CITY OF SACRAMENTO v. STATE

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Court of Appeal, Third District, California.

CITY OF SACRAMENTO, Plaintiff and Appellant, v. STATE of California, etc. et al., Defendants and Respondents.

Civ. C002265.

Decided: May 18, 1988

James P. Jackson, City Atty. and William P. Carnazzo, Deputy City Atty., for plaintiff and appellant. DeWitt W. Clinton, County Counsel, Los Angeles, and Amanda F. Susskind, Deputy County Counsel, Los Angeles, amici curiae, for plaintiff and appellant. John K. Van de Kamp, Atty. Gen., N. Eugene Hill, Asst. Atty. Gen., Paul H. Dobson and Carol Hunter, Deputy Attys. Gen., for defendants and respondents.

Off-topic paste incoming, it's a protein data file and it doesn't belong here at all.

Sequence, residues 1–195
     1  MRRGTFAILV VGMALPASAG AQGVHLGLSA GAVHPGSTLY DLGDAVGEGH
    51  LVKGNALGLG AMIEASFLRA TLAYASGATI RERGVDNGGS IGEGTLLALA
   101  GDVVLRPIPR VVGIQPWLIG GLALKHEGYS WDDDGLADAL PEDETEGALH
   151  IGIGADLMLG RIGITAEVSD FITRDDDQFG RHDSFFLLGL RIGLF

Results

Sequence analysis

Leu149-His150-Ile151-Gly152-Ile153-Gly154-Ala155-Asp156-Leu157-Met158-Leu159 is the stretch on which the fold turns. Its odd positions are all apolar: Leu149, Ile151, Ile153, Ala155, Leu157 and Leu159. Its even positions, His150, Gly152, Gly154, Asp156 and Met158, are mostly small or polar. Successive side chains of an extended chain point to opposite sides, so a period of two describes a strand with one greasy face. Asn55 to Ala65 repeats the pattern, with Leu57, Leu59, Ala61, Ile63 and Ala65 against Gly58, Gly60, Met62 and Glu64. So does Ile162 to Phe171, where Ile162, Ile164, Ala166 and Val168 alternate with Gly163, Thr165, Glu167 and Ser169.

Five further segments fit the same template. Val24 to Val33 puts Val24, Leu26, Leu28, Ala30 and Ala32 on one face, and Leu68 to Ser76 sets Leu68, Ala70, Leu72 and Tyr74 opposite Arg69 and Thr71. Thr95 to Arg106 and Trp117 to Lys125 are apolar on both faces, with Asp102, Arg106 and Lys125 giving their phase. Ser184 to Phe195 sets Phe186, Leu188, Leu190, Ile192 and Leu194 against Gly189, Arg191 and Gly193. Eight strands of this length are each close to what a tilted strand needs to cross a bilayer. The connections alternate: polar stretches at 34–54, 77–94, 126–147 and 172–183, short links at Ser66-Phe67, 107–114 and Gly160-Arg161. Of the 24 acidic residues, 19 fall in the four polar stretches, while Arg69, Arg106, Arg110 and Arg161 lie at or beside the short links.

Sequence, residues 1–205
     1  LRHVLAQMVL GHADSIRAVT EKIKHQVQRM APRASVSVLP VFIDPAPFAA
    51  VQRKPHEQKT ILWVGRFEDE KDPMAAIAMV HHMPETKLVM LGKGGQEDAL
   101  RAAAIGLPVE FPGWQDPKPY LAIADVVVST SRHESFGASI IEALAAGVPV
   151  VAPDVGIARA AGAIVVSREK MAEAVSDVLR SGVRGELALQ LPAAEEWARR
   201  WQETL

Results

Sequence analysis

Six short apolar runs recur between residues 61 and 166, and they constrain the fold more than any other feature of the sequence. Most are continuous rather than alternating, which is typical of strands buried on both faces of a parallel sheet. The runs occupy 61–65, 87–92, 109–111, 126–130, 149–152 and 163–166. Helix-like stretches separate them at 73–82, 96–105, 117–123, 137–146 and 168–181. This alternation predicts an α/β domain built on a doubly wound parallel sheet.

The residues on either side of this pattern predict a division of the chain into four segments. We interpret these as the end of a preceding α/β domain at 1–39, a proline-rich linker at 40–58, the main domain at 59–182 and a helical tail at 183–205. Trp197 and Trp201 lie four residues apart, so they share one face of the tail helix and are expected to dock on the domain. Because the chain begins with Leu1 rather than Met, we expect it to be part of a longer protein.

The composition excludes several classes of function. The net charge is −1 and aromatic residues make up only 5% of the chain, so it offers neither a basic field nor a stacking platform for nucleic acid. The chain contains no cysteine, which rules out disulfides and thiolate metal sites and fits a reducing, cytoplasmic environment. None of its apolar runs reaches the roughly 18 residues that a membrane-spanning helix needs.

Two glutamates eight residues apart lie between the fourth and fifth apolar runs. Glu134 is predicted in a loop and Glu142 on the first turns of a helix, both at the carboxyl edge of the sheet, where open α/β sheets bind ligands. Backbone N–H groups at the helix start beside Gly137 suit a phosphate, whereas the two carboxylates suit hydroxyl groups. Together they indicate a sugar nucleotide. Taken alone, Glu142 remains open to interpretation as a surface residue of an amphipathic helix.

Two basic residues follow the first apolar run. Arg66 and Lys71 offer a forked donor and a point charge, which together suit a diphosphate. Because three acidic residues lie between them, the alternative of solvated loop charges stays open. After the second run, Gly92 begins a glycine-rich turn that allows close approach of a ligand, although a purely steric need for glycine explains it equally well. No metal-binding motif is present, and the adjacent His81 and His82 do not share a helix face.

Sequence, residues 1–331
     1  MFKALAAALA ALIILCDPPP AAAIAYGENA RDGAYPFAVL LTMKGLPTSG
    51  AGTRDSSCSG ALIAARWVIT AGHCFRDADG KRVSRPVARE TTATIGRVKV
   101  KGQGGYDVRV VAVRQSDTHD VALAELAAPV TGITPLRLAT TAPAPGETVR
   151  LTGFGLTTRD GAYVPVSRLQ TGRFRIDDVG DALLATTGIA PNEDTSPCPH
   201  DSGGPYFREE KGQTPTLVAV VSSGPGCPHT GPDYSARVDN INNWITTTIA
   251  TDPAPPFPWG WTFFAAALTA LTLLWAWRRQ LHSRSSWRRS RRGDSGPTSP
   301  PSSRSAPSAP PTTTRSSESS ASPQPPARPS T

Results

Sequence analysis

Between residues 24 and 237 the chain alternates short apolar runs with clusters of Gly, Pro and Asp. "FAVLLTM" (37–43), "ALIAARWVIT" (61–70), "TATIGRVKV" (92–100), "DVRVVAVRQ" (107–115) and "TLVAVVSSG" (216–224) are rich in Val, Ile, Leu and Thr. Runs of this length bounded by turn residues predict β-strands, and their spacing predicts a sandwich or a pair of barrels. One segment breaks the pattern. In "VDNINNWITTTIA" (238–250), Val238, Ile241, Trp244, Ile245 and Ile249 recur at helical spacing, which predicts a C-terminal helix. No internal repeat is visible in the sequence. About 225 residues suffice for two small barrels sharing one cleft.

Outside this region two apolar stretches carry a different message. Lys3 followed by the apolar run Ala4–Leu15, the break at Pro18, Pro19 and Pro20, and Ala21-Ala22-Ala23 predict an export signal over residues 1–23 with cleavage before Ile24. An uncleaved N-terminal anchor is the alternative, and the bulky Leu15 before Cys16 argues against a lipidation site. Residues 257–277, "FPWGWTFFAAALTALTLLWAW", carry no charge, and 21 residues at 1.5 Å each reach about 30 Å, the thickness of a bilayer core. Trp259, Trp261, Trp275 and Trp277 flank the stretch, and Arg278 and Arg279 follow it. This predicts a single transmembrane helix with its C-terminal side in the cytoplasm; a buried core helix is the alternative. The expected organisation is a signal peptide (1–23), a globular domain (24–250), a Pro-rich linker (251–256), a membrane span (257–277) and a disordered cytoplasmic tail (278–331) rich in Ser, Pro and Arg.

In 1984, this court held costs incurred by local governments in complying with chapter 2, Statutes 1978 (Chapter 2), which, for the first time, required public employees to be covered by state unemployment insurance law, are costs incurred as a result of a state-mandated program, entitling local governments to reimbursement pursuant to constitutional and statutory provisions.  (City of Sacramento v. State of California (1984) 156 Cal.App.3d 182, 203 Cal.Rptr. 258 (Sacramento I.)   When this reimbursement was not forthcoming, City of Sacramento (City) filed a petition for mandate, seeking inter alia a declaration that Chapter 2 was unconstitutional absent an appropriation for reimbursement (Sacramento II ).